Tim Lee of Ars Technica notes that there is a very strange passage in the Campaign for Liberty’s new Internet freedom manifesto. The libertarian group, which grew out of the Ron Paul movement, associates expansion of the public domain with “Internet collectivism.” A Campaign for Liberty spokesman, Matt Hawes, sought to reassure Tim by telling him that the group had a narrow target in mind:
“We think the public domain is a terrific part of the Internet,” he told us. Rather, he said, the group was worried that “Internet collectivists” would use the phrase “public domain” as “code for getting the government more involved” in copyright issues.
Tim ends his post by observing that advocates of an open Internet will have to build an ideologically diverse coalition.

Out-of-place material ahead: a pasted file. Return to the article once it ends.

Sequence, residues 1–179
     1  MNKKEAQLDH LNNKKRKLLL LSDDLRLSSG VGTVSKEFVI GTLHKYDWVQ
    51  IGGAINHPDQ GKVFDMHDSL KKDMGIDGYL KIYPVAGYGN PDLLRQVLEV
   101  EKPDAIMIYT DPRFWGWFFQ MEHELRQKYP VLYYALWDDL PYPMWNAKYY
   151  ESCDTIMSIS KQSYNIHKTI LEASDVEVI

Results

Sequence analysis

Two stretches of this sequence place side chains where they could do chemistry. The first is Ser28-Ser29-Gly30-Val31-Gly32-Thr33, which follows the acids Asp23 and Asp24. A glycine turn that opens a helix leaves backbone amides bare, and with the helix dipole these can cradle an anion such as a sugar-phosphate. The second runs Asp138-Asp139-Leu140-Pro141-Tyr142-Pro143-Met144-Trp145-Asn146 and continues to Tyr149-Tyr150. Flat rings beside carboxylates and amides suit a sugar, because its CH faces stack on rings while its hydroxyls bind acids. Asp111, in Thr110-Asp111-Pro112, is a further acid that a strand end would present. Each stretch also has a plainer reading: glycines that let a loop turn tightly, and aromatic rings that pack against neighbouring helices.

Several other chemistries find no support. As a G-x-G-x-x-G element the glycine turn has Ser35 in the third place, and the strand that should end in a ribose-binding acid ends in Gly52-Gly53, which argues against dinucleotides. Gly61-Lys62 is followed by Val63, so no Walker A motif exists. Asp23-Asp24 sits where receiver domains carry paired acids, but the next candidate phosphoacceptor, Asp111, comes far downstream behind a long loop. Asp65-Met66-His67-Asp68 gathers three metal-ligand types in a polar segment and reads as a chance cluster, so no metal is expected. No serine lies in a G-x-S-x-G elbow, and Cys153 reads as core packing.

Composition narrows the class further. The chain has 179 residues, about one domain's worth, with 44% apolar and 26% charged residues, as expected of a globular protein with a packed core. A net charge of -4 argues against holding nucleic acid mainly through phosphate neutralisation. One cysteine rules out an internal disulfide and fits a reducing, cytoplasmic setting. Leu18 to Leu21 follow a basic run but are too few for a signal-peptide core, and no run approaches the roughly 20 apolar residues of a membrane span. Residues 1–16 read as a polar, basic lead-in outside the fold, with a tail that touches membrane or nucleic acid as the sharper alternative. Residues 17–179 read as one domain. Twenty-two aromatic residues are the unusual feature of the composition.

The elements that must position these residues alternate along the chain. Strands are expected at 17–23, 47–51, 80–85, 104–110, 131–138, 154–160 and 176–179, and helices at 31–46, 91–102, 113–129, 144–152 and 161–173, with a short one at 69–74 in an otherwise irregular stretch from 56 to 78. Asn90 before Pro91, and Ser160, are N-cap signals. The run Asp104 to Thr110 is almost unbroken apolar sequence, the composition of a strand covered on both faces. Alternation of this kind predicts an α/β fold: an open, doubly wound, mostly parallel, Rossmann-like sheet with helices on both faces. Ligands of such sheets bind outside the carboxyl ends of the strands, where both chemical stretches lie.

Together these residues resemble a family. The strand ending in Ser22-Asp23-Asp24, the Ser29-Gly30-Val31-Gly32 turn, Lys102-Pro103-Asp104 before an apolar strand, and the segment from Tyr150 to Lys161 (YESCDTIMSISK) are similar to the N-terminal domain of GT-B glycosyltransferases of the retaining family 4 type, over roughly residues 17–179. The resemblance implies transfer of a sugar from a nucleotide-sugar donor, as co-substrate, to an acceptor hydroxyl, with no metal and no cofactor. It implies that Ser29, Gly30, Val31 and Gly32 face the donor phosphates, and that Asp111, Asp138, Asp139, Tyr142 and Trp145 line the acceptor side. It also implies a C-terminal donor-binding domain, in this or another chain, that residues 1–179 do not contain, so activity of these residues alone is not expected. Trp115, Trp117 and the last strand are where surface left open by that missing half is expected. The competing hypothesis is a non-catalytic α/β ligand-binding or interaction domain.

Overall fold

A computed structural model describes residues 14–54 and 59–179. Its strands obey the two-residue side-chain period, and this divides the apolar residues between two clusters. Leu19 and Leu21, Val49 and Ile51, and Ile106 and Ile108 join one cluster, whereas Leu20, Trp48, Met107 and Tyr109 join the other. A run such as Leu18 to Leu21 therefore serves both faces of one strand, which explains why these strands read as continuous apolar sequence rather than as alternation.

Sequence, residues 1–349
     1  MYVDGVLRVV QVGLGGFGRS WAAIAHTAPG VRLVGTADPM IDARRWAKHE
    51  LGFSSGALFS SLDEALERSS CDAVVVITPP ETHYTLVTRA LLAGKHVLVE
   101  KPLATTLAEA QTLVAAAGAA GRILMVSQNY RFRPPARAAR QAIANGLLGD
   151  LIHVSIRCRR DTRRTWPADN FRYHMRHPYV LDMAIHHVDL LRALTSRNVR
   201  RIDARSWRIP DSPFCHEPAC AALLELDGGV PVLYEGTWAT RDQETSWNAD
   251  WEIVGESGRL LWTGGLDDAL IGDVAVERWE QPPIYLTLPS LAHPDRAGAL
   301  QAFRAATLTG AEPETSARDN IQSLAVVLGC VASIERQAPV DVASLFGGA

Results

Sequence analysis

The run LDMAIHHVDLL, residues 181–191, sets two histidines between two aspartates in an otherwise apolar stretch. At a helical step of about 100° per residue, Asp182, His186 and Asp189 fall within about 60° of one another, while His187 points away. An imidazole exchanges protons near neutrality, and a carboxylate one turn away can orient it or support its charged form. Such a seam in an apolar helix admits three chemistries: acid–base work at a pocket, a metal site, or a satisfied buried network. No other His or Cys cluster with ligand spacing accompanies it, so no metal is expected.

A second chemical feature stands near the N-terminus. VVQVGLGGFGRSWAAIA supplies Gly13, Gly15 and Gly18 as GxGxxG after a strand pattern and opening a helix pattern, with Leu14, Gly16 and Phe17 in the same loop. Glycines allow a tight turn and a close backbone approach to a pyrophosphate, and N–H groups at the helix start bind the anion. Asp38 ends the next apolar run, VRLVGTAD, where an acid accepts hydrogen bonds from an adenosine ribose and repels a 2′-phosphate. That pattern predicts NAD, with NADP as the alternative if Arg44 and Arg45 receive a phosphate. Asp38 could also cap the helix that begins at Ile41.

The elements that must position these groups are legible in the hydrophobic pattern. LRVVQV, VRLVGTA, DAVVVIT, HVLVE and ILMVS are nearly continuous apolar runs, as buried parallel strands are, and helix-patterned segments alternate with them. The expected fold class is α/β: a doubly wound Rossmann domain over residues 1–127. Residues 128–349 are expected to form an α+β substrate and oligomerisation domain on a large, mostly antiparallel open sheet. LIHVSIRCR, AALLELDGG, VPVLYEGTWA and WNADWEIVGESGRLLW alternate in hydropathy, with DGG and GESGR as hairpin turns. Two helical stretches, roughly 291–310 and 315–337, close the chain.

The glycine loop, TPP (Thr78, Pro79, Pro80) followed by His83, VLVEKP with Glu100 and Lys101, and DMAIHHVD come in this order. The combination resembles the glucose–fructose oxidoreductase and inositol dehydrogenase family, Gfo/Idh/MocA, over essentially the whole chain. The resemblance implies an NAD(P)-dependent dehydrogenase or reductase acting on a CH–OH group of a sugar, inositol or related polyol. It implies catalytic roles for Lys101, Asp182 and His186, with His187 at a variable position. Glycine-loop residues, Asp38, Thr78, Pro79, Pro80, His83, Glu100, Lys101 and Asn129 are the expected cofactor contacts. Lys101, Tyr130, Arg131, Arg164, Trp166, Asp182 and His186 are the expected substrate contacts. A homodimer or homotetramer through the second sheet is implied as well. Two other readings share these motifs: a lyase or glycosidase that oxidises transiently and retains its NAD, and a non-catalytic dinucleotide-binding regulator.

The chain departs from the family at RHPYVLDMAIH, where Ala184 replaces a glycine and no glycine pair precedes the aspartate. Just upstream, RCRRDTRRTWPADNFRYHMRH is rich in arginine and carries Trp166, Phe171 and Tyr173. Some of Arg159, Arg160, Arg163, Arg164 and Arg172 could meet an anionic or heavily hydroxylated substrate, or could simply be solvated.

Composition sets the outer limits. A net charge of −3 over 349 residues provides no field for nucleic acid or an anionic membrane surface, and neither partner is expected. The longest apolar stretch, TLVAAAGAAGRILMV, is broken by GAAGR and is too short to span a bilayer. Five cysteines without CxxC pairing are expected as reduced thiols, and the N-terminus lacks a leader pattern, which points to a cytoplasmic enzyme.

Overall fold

And with that in mind, I thought I’d mention that I am one of the signers — along with my erstwhile co-author Patrick Ruffini — of the Declaration of Internet Freedom, a document that aims to unite an ideologically diverse coalition around a set of very broad principles. One can imagine implementing these principles in a wide variety of ways, and I imagine Patrick and I would favor a more market-oriented approach than some of our fellow signers. There are, suffice it to say, many different views regarding how we should “promote universal access to fast and affordable networks.” Which is to say that the declaration is a starting point for discussion. It is certainly not an end point.